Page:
Inside Orpheus' Song: Colonization, Theogony and Poetic Agons in Apollonius Rhodius and the Orphica Argonautica

Andromache Karanika

Temple University

Orpheus was known to be part of the Argonauts' crew from at least the sixth century.  In the scholia to Apollonius Rhodius' Argonautica we find a surprise for Orpheus' participation in the Argonautic expedition.  The scholiast wonders why a weak man like Orpheus sailed with the heroes (Scholia to Apollonius Rhodius' Argonautica, A 23-25a).  He is the first hero to be mentioned in the Apollonian narrative to join the Argonautic crew, in the office of a keleustes, since he undertook the role of giving the rhythm to the rowers with his chanting.  His music was not only used to keep the rhythm for the rowers, but had a more profound power, as he also performed all religious rites. In this light, I would like to see this role in historical terms, and contrast it to the role of an oikistes in colonisation expeditions, by bringing references from Apollonius Rhodius and the Orphica Argonautica that support such a view. 

Orpheus' performances on board present theogonic accounts.  In Apollonius Rhodius he calms the strife that arose between Idas and Idmon, by singing a song of the creation of the world. (1, 494-515).   In the Orphica Argonautica, at the encounter with the Centaur Cheiron, the Argonauts request an agon, a competition in singing between Cheiron and Orpheus.  After a failed attempt to avoid the contest with his elder, Orpheus gives another theogonic account, about the formation of the universe with which he wins the contest.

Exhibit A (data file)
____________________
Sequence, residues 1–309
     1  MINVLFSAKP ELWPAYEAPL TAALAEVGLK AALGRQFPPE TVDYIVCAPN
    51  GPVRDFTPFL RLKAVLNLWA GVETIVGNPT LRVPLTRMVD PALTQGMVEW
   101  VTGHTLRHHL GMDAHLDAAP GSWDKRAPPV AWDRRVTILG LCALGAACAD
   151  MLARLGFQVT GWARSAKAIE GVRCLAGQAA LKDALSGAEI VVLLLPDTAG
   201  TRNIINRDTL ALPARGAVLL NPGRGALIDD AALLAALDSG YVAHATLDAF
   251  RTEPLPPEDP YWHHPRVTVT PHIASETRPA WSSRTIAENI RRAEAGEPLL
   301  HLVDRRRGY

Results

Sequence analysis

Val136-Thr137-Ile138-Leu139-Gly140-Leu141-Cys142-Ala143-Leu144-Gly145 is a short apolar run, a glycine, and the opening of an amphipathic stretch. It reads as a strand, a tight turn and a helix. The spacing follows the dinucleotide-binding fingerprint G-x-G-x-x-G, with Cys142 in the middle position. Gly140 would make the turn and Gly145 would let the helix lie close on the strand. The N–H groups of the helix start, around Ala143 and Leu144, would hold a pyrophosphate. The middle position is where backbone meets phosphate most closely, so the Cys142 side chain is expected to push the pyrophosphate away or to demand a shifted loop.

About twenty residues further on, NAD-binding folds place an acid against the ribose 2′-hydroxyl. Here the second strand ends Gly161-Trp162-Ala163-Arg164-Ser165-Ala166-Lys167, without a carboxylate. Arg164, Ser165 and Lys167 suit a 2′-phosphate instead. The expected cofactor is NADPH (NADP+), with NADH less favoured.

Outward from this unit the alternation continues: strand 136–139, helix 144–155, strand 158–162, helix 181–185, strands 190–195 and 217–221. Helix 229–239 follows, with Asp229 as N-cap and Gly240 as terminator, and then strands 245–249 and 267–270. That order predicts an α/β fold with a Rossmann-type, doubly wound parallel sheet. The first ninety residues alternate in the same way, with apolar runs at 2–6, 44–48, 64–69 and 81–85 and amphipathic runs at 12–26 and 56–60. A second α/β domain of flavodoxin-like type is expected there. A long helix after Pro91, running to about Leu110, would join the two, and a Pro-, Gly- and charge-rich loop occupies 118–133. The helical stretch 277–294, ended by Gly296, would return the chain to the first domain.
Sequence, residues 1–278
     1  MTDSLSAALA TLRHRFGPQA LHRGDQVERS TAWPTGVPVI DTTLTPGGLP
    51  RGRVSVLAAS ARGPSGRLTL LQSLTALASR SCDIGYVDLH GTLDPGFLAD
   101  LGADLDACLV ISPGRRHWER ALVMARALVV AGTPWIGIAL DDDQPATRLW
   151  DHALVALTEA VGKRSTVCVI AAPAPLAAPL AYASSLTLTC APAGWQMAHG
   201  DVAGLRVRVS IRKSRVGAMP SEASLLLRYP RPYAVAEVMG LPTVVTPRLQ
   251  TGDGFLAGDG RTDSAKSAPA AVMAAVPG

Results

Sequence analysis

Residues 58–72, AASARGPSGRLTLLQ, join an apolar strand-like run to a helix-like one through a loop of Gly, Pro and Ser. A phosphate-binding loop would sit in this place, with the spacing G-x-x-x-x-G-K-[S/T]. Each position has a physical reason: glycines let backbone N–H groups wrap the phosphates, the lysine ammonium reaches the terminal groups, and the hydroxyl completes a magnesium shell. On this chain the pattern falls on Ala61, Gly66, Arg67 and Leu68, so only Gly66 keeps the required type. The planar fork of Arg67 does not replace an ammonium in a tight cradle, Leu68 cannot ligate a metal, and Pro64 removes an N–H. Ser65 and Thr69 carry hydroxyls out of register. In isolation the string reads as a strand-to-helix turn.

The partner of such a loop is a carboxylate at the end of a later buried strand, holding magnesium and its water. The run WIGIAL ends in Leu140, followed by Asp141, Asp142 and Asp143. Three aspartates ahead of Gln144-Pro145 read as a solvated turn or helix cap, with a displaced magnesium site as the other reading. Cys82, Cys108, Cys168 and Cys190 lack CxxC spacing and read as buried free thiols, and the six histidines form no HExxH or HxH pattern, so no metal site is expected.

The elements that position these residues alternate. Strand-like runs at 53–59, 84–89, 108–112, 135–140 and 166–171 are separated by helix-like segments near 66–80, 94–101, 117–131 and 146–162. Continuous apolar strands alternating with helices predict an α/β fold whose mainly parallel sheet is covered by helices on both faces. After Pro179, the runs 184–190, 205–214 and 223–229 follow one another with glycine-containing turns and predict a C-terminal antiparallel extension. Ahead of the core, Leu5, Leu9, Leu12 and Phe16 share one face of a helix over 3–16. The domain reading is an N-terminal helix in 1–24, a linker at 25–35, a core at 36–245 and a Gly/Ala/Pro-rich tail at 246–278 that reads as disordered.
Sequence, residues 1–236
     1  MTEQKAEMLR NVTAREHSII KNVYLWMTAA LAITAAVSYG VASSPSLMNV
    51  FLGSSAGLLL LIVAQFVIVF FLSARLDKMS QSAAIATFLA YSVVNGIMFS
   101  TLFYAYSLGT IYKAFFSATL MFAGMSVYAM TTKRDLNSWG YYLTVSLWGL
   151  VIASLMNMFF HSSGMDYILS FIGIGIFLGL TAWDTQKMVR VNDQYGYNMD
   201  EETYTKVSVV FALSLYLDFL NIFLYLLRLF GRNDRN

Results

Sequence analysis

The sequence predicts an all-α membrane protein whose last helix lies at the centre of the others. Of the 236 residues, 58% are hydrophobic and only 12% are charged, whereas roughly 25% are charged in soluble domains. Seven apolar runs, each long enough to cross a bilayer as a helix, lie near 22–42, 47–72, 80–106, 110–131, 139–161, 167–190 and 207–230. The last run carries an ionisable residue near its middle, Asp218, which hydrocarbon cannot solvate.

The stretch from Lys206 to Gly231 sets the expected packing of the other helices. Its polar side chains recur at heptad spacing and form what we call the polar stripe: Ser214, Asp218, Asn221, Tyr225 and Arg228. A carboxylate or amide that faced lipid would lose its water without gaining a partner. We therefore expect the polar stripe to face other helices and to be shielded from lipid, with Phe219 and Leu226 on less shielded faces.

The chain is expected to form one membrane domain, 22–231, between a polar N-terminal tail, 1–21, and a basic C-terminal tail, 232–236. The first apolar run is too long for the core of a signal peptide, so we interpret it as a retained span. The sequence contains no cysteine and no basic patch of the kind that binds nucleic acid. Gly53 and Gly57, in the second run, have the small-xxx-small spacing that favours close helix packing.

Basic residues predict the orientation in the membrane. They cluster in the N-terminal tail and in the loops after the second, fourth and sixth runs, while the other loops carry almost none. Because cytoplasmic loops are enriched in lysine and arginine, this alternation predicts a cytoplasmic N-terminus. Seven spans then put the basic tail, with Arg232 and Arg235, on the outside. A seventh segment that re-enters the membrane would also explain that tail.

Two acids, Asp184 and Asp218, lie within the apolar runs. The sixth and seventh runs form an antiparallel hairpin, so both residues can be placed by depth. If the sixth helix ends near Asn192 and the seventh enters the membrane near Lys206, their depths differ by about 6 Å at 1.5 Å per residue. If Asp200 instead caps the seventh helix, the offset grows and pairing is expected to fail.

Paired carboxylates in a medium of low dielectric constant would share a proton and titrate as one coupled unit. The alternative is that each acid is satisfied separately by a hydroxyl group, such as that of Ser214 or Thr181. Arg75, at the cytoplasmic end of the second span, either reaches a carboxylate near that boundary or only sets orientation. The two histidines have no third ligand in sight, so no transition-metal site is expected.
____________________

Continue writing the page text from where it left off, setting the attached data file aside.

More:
The poetic agon is intensified in the episode with the Sirens, since Orpheus is asked to overcome the mighty power of the Sirens.  In Apollonius, he overcomes the Sirens through the playing of his phorminx, not his voice.  In the Orphica Argonautica, we have an agon here between the Sirens and Orpheus.  Orpheus sings of the strife of Zeus with Poseidon.

By looking inside Orpheus' performances during the Argonautic expedition, I seek to re-examine the role of Orpheus as a mythological figure in post-classical literature.  His song becomes the platform for poetic activity that both evokes distant past (and place) as well as seeks to surpass it. 


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